OCRACOKE, N.C. (AP) — North Carolina will pay about $1 million extra this year to provide ferry service between Hatteras and Ocracoke islands since a longer route must be used because continued shoaling makes the traditional route unsafe, state officials said.
Officials with the N.C. Ferry Division told The Virginian-Pilot of Norfolk, Virginia, that the new route costs $9 million compared to $8.1 million for the traditional route. "We're not budgeted for the longer route," said Jed Dixon, deputy director of the Ferry Division.
The alternate trip is more than 3 miles farther and takes an hour rather than 40 minutes on the traditional one. Ferries have used the longer, 7.7-mile route since December.
The Ferry Division operates six vessels carrying about 9,000 vehicles a week from 5 a.m. to midnight.
In addition, the Army Corps of Engineers has no more money to dredge the roughly 4-mile-long channel, said Donnie Potter, chief of physical support with the corps in Wilmington. The Corps has operated two dredges for a total of 69 days since January, at a cost of nearly $2 million, he said.
Hatteras Inlet has continued to widen since 2003, when Hurricane Isabel struck. The Atlantic Ocean pounds through the wider breach, pushing sand into the traditional channel as fast as dredges can remove it, Dixon said.
"It's made running ferries across the inlet pretty tough," he said. "People tell me it's the widest they've ever seen it."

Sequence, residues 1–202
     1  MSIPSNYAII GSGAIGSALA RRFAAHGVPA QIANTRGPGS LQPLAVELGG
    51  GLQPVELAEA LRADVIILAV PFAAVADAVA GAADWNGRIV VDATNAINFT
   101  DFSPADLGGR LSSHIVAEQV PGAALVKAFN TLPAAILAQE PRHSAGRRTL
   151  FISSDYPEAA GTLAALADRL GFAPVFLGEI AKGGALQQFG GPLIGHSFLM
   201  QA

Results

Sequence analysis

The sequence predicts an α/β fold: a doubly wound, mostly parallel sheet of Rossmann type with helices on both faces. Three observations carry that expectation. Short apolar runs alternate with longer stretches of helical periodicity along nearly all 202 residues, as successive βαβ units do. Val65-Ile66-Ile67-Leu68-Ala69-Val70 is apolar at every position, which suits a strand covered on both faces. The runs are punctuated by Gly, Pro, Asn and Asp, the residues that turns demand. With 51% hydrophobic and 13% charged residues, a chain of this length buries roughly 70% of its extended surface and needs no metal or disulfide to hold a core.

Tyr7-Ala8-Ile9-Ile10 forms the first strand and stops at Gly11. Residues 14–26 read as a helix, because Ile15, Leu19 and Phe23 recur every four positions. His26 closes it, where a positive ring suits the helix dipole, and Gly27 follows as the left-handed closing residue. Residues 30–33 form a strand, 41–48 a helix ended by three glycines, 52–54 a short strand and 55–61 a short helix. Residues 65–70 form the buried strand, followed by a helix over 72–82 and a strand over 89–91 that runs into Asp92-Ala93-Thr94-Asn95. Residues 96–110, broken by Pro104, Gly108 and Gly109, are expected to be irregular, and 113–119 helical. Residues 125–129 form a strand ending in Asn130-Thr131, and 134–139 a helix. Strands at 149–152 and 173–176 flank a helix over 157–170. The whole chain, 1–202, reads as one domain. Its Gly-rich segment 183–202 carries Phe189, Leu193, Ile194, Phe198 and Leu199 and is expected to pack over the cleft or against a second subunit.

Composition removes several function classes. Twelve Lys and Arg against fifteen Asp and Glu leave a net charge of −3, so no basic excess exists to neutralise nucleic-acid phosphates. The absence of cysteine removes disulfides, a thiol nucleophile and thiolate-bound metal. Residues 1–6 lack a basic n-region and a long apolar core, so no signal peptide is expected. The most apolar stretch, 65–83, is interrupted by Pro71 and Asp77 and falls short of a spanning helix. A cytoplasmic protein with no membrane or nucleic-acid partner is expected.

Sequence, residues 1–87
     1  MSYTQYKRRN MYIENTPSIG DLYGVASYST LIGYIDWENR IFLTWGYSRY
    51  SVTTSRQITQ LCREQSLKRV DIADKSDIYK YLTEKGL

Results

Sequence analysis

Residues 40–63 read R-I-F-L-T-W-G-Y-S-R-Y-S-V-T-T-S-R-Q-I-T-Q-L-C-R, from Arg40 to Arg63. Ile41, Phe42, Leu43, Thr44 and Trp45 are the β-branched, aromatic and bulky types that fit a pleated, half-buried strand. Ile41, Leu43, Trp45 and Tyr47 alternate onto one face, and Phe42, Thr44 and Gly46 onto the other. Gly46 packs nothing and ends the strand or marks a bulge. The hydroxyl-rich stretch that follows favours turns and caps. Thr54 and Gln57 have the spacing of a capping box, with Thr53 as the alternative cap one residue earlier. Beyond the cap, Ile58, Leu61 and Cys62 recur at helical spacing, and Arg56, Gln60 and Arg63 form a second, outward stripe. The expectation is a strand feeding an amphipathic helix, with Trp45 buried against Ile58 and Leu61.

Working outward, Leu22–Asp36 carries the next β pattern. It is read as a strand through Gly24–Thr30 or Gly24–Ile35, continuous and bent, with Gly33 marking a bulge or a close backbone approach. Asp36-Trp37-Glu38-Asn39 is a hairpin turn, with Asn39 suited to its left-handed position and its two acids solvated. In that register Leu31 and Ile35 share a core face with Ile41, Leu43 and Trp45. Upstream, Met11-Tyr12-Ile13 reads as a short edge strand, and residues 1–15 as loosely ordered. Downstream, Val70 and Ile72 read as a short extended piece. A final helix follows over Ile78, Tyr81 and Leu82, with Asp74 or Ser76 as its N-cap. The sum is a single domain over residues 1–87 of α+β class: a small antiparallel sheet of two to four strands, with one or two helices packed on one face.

Permits call for the Hatteras Inlet ferry channel to be kept at 100 feet wide and 14 feet deep. The state plans to request that the ferry route be widened to 250 feet, said Tim Haas, spokesman for the Ferry Division.
"A 100-foot channel just isn't good enough anymore," he said. "What's happened to the south end of Hatteras Island is a disaster."
The 45-foot-wide ferries are barely able to pass in the 100-foot wide channel, he said. It only takes a minimal amount of shoaling to make the traditional route unsafe, he said, adding that dredging would be less frequent if the channel were wider.
Officials with the Ferry Division and the Army Corps of Engineers plan to meet next month to discuss a new permit allowing 250 feet, said Potter. He said he supports the widening if it is feasible.
Almost 1 million people per year cross the inlet between Hatteras and Ocracoke, the most of any of the state's seven ferries.
Information from: The Virginian-Pilot, http://pilotonline.com